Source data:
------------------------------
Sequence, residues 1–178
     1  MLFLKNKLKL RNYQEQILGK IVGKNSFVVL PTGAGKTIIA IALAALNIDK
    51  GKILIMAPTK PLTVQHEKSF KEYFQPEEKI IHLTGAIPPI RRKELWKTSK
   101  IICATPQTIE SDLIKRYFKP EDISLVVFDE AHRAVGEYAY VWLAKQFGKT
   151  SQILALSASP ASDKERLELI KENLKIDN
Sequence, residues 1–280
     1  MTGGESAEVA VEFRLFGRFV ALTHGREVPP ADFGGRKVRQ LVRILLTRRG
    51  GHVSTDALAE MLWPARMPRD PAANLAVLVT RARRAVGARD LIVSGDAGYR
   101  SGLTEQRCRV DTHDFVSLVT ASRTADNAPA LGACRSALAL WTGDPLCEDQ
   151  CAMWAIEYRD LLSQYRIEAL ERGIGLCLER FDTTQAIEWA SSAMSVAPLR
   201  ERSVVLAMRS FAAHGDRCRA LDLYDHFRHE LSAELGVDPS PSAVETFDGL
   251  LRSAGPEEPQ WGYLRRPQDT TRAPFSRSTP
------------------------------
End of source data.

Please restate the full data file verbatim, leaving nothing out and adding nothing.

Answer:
Sequence, residues 1–178
     1  MLFLKNKLKL RNYQEQILGK IVGKNSFVVL PTGAGKTIIA IALAALNIDK
    51  GKILIMAPTK PLTVQHEKSF KEYFQPEEKI IHLTGAIPPI RRKELWKTSK
   101  IICATPQTIE SDLIKRYFKP EDISLVVFDE AHRAVGEYAY VWLAKQFGKT
   151  SQILALSASP ASDKERLELI KENLKIDN
Sequence, residues 1–280
     1  MTGGESAEVA VEFRLFGRFV ALTHGREVPP ADFGGRKVRQ LVRILLTRRG
    51  GHVSTDALAE MLWPARMPRD PAANLAVLVT RARRAVGARD LIVSGDAGYR
   101  SGLTEQRCRV DTHDFVSLVT ASRTADNAPA LGACRSALAL WTGDPLCEDQ
   151  CAMWAIEYRD LLSQYRIEAL ERGIGLCLER FDTTQAIEWA SSAMSVAPLR
   201  ERSVVLAMRS FAAHGDRCRA LDLYDHFRHE LSAELGVDPS PSAVETFDGL
   251  LRSAGPEEPQ WGYLRRPQDT TRAPFSRSTP